Hey there, time traveller!
This article was published 16/5/2013 (1406 days ago), so information in it may no longer be current.
NO one could ever accuse director Jay Bulger of making a hagiography of virtuoso drummer Ginger Baker.
There's a couple of reasons for Bulger's insistence on portraying both light and dark sides of his subject. One is that Baker's raging temper and his outrageous behaviour are the stuff of rock legend, too pervasive to ignore.
The other reason: in the first minute of this doc, we see the now-elderly Baker whack Bulger on the nose with his cane.
The probable cause emerges for that outburst. Having wrapped up his extensive interviews with Baker, Bulger makes his intentions known that he plans to interview many of Baker's friends and associates. And the drummer is not enamoured of the notion.
With good reason. The man has torched a lot of bridges.
If you thought the late Keith Moon of The Who was the pre-eminent madman of Brit rock percussion, you'll need to meet the still-living Baker. As a drummer, he is revered onscreen by numerous peers in the film, including Stewart Copeland, Neil Peart, and Nick Mason, all of whom called Baker a primo inspiration. More importantly (to Baker anyway), he gained the respect of a host of jazz drummers, such as Max Roach and Art Blakey. Their good opinions of Baker's musicianship mark the one time in the film you see Baker overcome with tears.
The only guy given to defending Baker's toxic personality is Johnny Rotten, which probably should tell you a lot.
Away from the drum kit, Baker was a bit of a bastard, serially abandoning family and friends, nursing decades-long drug habits, and attempting to solve problems with violence. (If you wonder why his band Cream only lasted a couple of years, listen to bass player Jack Bruce describe Baker threatening him with a knife, or Eric Clapton confess to emotional breakdowns wrought by the tension between Bruce and Baker.)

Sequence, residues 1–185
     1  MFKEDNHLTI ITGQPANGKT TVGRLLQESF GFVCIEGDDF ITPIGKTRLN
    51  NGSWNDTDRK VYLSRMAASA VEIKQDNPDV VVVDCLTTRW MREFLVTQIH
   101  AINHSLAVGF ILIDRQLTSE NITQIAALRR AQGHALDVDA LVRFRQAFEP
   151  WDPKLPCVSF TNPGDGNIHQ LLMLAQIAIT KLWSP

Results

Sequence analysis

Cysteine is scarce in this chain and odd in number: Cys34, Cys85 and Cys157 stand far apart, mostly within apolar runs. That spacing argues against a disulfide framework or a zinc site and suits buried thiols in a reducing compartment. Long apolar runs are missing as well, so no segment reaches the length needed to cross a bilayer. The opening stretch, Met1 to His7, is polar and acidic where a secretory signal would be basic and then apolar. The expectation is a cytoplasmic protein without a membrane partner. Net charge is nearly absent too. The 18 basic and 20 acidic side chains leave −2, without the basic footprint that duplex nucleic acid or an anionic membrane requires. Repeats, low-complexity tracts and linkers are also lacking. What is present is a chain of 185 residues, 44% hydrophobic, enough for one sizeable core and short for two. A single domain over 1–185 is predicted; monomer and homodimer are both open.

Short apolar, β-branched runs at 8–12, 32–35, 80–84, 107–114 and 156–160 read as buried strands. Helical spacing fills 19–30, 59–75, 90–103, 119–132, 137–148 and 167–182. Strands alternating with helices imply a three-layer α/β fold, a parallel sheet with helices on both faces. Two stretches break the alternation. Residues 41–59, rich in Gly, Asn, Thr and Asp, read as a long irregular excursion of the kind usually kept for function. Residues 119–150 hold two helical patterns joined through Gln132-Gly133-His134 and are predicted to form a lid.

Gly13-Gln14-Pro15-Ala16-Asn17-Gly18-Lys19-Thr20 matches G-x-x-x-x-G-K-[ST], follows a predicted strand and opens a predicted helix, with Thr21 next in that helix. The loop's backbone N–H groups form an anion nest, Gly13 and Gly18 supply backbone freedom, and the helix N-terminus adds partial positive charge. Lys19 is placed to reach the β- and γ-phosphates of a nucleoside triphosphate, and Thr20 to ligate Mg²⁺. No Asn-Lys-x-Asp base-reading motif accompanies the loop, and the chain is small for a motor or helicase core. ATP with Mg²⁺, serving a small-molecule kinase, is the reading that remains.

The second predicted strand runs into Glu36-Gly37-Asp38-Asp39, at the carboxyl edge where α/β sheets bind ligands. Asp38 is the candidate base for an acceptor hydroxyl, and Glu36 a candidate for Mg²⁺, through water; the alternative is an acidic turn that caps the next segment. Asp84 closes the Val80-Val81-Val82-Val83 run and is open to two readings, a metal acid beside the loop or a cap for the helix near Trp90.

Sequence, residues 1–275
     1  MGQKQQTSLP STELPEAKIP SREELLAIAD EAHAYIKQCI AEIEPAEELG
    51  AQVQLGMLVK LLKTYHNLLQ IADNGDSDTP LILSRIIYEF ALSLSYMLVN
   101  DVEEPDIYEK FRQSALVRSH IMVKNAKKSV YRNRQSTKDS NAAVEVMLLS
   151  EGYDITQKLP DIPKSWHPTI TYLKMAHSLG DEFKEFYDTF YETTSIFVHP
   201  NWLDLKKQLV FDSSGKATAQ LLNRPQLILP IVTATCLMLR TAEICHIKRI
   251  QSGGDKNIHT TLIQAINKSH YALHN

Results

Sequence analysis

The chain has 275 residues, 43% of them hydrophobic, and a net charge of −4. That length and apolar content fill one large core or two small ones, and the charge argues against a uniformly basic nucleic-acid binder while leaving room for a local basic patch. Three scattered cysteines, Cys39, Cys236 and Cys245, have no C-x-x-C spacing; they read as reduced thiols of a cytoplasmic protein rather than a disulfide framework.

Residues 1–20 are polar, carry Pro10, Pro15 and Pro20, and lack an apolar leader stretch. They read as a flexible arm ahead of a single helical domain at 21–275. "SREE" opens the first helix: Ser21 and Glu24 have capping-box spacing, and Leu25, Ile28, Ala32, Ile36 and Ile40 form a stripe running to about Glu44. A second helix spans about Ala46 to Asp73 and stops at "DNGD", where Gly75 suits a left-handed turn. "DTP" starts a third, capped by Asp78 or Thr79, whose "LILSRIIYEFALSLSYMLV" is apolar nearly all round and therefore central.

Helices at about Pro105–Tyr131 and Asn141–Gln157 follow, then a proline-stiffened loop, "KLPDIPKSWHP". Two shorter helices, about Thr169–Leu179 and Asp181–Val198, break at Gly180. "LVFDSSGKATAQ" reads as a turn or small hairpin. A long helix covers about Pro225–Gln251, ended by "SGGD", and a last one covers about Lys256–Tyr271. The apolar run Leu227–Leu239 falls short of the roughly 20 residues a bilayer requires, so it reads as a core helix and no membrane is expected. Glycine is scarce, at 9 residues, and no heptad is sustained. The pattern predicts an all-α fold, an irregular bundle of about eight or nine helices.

If he was an uncontrollable bandmate, he was a terrible husband and father. (Bulger conscientiously subtitles certain interview subjects as Wife #1, Wife #2 and so on.) Vanilla Fudge drummer Carmine Appice recalls that, at the height of his fame, Baker's demands to concert promoters included "a case of beer, two black hookers and a white limo."
A terrible man, yes, but Baker is a great subject for a rock doc, and Bulger duly supplements the talking heads with abundant concert footage and some terrific animation.
Beware of Mr. Baker (the title is taken from a warning sign on his property in South Africa) is valuable as a document of Baker's contribution to rock drumming. It may constitute the best possible means of getting to know him: from the safety of a cinema seat.
Clearly, one doesn't want to be in striking distance of the man himself.